Comma Commotion!

Last week I told you I’d get to the more complicated uses of our comma.  Here is that post, as promised.  All three of these uses make a sentence longer, which can make it fuller and richer.

This week, I’m using examples straight from Life in Dreams, my NaNoWriMo novel!

With a conjunction, a comma can combine two sentences. This is the same function as a semicolon, only the comma needs the help of a conjunction.  Princess Aurana had always been a delicate child, and her long sleep had made her as fragile as spun glass. Follow the same rules as a semicolon for this one.

A comma separates items on a list. Wait! We did this one before!  This is the fancier version, which looks a lot less like a list.  The princess awoke muddled, speaking unfamiliar words and seemingly bewildered by her surroundings.  That’s a list, believe it or not.  Like last week, we simplify it.  It becomes a list of how the princess awoke: muddled, speaking, and bewildered.  Now it looks like a list!

A comma can set off a descriptive phrase.  This means you can take a description that belongs at the end of a sentence and move it to elsewhere in the sentence.  A common one is to move it to the beginning.   After sixteen years of magical slumber, the Princess Aurana had awoken on the morn of her 25th birthday. You can also stick it in mid-sentence, where it becomes a fancier version of My mom, Linda, sent her love.  Here’s a longer version.  King Ferrick and Queen Lizette, hoping against hope that the Oracle had spoken truth, had spared no expense in preparations for this day.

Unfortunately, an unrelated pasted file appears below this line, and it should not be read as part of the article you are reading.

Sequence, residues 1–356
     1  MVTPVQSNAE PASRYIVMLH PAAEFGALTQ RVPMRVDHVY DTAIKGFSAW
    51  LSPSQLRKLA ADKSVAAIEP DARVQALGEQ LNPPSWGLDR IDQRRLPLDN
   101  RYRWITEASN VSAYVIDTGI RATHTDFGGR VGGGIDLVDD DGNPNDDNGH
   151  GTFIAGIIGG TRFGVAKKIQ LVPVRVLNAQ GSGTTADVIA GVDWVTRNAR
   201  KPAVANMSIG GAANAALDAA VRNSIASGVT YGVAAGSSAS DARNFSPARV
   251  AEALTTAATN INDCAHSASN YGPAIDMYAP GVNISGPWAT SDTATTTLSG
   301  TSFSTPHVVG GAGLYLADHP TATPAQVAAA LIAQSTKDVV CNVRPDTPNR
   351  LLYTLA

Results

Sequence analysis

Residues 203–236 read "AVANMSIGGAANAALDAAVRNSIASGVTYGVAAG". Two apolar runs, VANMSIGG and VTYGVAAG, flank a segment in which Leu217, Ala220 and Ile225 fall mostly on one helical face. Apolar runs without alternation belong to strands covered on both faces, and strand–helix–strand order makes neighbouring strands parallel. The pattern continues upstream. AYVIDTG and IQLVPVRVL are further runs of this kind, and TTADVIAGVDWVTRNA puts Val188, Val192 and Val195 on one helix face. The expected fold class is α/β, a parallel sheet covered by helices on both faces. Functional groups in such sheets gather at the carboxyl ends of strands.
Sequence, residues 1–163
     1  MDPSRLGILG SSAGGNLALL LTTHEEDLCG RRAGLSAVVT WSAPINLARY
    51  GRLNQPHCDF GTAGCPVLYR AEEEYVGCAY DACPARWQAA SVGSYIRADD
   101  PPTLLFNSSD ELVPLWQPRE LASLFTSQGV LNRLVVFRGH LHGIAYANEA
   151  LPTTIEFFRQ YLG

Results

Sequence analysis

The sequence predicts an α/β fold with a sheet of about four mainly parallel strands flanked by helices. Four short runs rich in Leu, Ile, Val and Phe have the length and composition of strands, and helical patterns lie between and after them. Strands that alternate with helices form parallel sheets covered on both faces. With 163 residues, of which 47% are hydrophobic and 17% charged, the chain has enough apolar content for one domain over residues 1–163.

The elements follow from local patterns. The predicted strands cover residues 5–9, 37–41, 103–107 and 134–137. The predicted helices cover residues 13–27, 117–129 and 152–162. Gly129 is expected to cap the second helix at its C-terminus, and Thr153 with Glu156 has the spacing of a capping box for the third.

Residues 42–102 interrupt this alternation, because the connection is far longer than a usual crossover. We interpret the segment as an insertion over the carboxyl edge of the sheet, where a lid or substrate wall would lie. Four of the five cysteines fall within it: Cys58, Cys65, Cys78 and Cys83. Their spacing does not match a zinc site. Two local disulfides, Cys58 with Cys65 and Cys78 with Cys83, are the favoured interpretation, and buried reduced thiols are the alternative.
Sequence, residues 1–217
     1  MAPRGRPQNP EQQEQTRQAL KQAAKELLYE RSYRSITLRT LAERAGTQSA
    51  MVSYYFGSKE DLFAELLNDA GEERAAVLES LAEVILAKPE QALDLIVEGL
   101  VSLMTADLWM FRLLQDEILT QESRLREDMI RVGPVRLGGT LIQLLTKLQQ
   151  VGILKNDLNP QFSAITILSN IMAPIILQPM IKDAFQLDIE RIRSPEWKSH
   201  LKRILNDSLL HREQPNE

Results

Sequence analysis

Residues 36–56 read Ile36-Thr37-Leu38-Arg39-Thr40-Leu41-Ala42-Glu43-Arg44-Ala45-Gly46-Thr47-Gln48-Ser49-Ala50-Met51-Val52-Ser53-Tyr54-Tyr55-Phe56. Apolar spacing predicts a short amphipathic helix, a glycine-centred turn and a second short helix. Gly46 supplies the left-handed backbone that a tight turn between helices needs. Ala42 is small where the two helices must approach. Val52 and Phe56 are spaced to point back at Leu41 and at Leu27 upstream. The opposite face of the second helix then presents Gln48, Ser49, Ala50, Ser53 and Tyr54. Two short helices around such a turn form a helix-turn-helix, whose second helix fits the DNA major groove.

This is where it gets tricky, and can become a matter of personal preference.  You don’t have to use a comma to separate the descriptive phrase.  You can also use parentheses or dashes.  Here is the same sentence with all three, for comparison:

The happy news spread quickly when, as foretold, Aurana opened her eyes.
The happy news spread quickly when (as foretold) Aurana opened her eyes.
The happy news spread quickly when – as foretold – Aurana opened her eyes.

I personally prefer the commas.  I think it looks cleaner and is less likely to draw my eye ahead in the writing.  There may be someone out there who knows the subtleties of when each of these is appropriate (if you’re reading this, please comment!) but I am not that person.

Commas are confusing, because they are so common.  I usually stick with this rule of thumb: if you are speaking it out loud and would pause, you need to use a comma.  (Unless, of course, you need something stronger, like a semicolon or colon.)

On a side note, yes, the beginning of Dreams sounds a lot like Sleeping Beauty.  These are all examples from the first five paragraphs of the novel – the resemblance is simply a setup for the rest of the story.  🙂


1 Comment (+add yours?)

  1. Trackback: A Book Review – sort of « Butterflies and Dragons

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